Article Text

Download PDFPDF

Efficacy of a guided internet-based intervention (iSOMA) for somatic symptoms and related distress in university students: study protocol of a randomised controlled trial
  1. Severin Hennemann1,
  2. Katja Böhme1,
  3. Harald Baumeister2,
  4. Eileen Bendig2,
  5. Maria Kleinstäuber3,
  6. David Daniel Ebert4,
  7. Michael Witthöft1
  1. 1 Department of Clinical Psychology, Psychotherapy and Experimental Psychopathology, Institute of Psychology, University of Mainz, Mainz, Germany
  2. 2 Department of Clinical Psychology and Psychotherapy, Institute of Psychology and Education, Ulm University, Ulm, Germany
  3. 3 Department of Psychological Medicine, University of Auckland, Auckland, New Zealand
  4. 4 Department of Psychology, Clinical Psychology and Psychotherapy, Friedrich-Alexander University Erlangen Nuremberg, Erlangen, Germany
  1. Correspondence to Severin Hennemann; s.hennemann{at}


Introduction Persistent and distressing somatic symptoms are common in younger age cohorts such as university students. However, the majority does not receive adequate psychosocial care. Internet-based and mobile-based interventions may represent low threshold and effective extensions to reduce somatic and associated mental symptom severity. The planned study aims to investigate the feasibility and efficacy of an internet-based intervention in reducing somatic and psychological symptoms in an international population of university students with somatic symptom burden.

Methods and analysis This parallel two-armed randomised controlled trial evaluates an 8-week guided intervention, including web-based consecutive modules based on cognitive behavioural therapy (CBT) principles against a waitlist control group. Guidance will be provided by trained psychologists with weekly written supportive feedback. As part of the ‘Studicare’ project, the present study aims to recruit n=154 university students indicating somatic symptom burden at baseline in German-speaking universities. Self-report assessments will take place at baseline and after intervention completion (8, 16 weeks after randomisation). The primary outcome will be the severity of somatic symptoms and associated mental distress. Secondary outcomes include depression, (health) anxiety, disability, intervention satisfaction and adherence.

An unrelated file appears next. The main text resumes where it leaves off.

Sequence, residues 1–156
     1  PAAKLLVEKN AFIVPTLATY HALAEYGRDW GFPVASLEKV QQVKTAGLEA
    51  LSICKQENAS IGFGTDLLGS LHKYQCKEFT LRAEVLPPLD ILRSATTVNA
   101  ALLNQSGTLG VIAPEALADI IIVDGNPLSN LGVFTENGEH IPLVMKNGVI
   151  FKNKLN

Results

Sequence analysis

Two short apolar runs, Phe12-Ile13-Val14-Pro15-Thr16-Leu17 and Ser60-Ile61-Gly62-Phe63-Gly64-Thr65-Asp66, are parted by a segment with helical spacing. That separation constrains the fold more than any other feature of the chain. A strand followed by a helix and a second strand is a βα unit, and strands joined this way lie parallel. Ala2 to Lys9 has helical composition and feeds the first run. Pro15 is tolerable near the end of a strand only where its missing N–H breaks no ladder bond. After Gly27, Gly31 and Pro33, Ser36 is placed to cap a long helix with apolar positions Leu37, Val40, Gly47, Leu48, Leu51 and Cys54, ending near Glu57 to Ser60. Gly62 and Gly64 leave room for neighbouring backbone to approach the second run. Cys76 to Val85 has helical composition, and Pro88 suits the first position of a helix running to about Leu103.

Ethics and dissemination Ethics approval has been granted. Results from this study will be published in peer-reviewed journals and presented at international conferences.

Trial registration number DRKS00014375; Pre-results.

  • medically unexplained symptoms
  • somatoform syndromes
  • internet intervention
  • university students
  • randomized controlled trial

This is an open access article distributed in accordance with the Creative Commons Attribution Non Commercial (CC BY-NC 4.0) license, which permits others to distribute, remix, adapt, build upon this work non-commercially, and license their derivative works on different terms, provided the original work is properly cited, appropriate credit is given, any changes made indicated, and the use is non-commercial. See:

View Full Text

Statistics from


  • Patient consent for publication Not required.

  • Contributors All authors were involved in the concept and design of the study. SH wrote the draft of this manuscript, KB, MW, HB, EB, MK and DDE provided valuable revisions. All authors contributed to the further writing and approved the final version of the manuscript.

  • Funding The proposed trial received funding for the development of video content by the Johannes Gutenberg-University of Mainz. The associated studicare-project received funding from the German health insurance company BARMER.

  • Disclaimer The funding sources had no role in the design of this study and writing of this manuscript and will not have any role during its execution, analyses, interpretation of the data or decision to submit results.

  • Competing interests None declared.

  • Ethics approval This study protocol has been approved by the ethics committee of the Institute of Psychology of the University of Mainz (Ref. Nr. 2017-JGU-psychEK-012).

  • Provenance and peer review Not commissioned; externally peer reviewed.

Request Permissions

If you wish to reuse any or all of this article please use the link below which will take you to the Copyright Clearance Center’s RightsLink service. You will be able to get a quick price and instant permission to reuse the content in many different ways.